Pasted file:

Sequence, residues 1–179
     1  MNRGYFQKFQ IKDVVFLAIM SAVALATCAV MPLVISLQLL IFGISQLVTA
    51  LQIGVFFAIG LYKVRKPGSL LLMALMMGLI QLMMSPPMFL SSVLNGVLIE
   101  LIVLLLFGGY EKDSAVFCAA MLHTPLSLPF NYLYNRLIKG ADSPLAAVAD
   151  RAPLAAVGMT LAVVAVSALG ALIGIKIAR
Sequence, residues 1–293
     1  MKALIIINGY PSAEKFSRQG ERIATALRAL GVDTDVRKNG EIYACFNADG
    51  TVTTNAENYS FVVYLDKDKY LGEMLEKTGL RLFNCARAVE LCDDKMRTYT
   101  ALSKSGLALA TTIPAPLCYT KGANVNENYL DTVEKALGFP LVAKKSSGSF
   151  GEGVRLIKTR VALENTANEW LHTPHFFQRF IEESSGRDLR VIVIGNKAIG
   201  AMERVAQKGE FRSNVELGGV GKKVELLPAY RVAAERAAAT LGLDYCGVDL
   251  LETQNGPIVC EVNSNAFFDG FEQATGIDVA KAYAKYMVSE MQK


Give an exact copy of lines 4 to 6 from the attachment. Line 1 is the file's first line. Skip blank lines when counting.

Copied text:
   101  LIVLLLFGGY EKDSAVFCAA MLHTPLSLPF NYLYNRLIKG ADSPLAAVAD
   151  RAPLAAVGMT LAVVAVSALG ALIGIKIAR
Sequence, residues 1–293